While the end of February is still a week away, some analysts are already warning that February sales numbers will be off from last year. Edmunds is forecasting that U.S. sales for February will include 1,271,009 new cars and trucks, which translates to an estimated seasonally adjusted annual rate (SAAR) of 16.7 million. While this represents a 12.3 percent increase in sales from January 2019, it’s a 2.2 percent decrease from February 2018.
“Although the drop-off in sales is rather subtle year over year, February is shaping up to be a good barometer of the gradual sales decline we expect through 2019,” said Jeremy Acevedo, Edmunds’ manager of industry analysis, in a statement. “We’re really starting to see a slump in retail demand that stems from the growing costs of new car purchases.”
While some analysts have noted that the slump in sales could be due to the extreme cold from the “Arctic Vortex” and the record government shutdown, Edmunds disagrees and says it’s about affordability for most customers.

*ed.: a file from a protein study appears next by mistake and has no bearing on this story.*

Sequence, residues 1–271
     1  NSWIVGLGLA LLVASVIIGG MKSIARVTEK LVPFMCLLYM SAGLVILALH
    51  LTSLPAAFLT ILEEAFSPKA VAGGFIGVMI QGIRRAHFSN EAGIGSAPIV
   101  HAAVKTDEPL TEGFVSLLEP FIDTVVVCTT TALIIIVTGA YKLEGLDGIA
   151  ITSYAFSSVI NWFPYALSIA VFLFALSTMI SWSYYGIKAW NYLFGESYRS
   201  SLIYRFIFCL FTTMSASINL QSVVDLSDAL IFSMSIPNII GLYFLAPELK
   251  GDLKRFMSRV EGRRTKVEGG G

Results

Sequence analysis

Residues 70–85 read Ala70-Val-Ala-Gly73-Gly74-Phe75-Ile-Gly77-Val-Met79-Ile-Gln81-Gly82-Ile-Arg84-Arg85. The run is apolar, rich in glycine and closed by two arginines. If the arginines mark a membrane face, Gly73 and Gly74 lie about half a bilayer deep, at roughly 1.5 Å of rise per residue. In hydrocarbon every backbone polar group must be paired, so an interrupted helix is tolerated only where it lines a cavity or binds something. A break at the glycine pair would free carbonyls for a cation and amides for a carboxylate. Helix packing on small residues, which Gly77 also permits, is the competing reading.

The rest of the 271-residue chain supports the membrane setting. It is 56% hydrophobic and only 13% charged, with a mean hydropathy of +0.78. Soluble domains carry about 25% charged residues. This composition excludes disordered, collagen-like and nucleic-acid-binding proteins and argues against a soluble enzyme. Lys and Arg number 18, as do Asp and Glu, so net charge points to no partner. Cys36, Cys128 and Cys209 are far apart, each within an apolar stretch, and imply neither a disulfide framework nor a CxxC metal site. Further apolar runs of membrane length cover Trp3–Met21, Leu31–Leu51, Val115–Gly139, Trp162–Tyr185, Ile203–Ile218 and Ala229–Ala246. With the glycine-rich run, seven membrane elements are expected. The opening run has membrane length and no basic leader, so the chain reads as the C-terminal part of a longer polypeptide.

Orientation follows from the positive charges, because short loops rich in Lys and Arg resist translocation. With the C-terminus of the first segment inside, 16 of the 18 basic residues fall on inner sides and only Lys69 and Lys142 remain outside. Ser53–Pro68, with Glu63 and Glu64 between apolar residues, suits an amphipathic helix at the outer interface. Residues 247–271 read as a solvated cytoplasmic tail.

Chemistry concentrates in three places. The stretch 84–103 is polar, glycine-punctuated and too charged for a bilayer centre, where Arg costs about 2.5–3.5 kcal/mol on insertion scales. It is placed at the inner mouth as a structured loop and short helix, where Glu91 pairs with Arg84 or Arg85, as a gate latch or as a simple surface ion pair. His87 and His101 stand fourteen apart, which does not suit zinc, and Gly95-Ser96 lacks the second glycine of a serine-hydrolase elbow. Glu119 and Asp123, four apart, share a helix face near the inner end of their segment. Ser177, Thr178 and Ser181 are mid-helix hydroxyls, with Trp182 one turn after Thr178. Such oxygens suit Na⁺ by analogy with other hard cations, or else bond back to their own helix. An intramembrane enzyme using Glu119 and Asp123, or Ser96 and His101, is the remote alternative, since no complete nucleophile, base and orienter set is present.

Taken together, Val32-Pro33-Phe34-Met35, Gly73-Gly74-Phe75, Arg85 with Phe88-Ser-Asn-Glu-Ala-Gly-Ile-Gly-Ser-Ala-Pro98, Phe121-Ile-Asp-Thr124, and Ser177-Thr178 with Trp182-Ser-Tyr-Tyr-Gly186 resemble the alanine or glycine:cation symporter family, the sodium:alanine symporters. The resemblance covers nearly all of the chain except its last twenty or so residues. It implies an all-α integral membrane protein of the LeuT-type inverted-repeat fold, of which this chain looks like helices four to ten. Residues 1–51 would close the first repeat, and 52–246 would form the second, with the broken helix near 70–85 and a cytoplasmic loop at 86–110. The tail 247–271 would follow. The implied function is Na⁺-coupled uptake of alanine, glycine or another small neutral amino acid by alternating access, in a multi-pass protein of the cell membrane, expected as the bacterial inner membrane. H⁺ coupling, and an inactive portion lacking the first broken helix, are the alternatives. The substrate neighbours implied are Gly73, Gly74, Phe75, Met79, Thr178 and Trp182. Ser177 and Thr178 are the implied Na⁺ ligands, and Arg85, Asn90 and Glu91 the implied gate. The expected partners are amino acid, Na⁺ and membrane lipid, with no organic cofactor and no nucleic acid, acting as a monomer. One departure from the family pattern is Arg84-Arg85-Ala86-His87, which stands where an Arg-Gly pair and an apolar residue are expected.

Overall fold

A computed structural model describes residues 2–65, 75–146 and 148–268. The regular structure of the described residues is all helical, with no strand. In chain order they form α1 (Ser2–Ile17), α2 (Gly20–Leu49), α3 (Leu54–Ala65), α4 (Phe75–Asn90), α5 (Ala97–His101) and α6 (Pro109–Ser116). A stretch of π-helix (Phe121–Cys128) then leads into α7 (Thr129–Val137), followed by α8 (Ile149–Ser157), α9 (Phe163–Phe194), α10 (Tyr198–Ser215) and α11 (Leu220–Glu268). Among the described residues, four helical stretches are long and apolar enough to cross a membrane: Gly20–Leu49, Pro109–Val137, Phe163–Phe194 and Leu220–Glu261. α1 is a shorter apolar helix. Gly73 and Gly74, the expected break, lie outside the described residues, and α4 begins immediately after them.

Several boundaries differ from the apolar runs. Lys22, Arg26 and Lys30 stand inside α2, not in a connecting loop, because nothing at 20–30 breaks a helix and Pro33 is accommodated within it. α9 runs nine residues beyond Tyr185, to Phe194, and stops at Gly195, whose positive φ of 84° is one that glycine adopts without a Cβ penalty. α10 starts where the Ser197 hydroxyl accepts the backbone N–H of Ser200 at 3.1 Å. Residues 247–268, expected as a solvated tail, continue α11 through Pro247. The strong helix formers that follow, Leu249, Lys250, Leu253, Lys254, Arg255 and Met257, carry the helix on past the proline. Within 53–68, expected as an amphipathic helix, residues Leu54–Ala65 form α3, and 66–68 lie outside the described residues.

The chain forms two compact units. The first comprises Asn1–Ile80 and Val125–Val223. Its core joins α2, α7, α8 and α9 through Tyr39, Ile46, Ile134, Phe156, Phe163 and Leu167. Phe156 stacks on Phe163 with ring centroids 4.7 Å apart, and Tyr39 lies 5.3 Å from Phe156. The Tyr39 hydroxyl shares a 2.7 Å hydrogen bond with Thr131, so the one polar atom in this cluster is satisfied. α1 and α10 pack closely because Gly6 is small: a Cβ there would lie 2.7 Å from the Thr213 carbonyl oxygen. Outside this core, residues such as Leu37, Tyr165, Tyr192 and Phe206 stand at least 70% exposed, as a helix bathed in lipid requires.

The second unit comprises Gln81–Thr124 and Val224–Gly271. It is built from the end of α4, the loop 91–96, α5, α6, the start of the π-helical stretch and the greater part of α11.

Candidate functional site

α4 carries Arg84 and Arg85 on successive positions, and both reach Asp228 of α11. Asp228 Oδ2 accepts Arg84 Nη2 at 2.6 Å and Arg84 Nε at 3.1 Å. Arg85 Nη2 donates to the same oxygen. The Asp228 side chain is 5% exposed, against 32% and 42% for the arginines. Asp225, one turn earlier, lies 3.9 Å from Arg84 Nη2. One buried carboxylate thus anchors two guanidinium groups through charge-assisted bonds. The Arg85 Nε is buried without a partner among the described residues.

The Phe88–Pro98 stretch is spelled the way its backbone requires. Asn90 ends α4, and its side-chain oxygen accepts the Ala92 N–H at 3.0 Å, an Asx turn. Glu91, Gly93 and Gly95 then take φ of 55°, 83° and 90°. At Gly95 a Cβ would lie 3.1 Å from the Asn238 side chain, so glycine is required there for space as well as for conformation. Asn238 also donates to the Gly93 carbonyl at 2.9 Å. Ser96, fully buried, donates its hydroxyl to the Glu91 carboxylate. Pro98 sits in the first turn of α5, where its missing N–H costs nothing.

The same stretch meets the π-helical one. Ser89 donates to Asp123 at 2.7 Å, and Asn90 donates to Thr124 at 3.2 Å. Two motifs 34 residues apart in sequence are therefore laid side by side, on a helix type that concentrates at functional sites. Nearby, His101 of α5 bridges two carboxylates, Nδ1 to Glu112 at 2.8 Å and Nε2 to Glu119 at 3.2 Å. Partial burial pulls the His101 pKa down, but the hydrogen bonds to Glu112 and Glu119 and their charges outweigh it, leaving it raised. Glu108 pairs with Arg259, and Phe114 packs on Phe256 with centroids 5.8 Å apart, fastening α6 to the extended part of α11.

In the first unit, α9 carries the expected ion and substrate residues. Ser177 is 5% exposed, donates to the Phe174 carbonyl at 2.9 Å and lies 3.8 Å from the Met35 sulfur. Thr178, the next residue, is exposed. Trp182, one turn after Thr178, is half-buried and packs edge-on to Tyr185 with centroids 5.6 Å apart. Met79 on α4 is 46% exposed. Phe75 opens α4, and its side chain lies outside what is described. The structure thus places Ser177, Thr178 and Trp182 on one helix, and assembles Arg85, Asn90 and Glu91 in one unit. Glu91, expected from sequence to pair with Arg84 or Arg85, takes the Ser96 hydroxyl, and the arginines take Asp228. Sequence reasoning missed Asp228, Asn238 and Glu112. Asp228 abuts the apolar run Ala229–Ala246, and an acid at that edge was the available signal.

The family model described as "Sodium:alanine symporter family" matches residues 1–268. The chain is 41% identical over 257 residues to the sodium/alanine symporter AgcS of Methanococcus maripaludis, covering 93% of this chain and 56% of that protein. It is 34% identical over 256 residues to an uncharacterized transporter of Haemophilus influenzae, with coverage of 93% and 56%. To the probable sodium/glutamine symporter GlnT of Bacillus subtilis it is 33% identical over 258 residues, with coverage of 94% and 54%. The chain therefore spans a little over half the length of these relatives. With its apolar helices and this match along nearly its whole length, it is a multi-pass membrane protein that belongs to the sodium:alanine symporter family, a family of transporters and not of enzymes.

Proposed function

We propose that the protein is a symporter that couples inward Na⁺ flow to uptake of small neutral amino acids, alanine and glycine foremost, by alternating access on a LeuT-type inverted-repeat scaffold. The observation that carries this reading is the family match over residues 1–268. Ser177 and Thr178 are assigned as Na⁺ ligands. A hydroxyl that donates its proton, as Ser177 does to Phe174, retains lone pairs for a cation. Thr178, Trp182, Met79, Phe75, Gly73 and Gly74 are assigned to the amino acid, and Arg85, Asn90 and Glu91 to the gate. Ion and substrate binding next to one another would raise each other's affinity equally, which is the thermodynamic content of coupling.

“It’s easy to point fingers at anomalous factors like the polar vortex as the reason for a sales slowdown, but the numbers don’t show that’s the case,” said Acevedo. “Record-high interest rates and rising average transaction prices are what’s really putting pressure on the market and keeping car shoppers at bay so far in 2019,” said Acevedo.
The Federal Reserve Bank of New York recently raised the alarm that more than seven million Americans were 90 or more days behind on their car loans at the end of 2018. The 90-day delinquency rate at the end of 2018 was 2.4 percent, up from a low of 1.5 percent in 2012. The fastest rates of delinquencies are among Americans under age 30.
The slump isn’t a uniquely American thing. It was recently reported that European car sales fell by 4.6 percent in January from the same month last year. This is also being viewed as a warning of economic slowdown.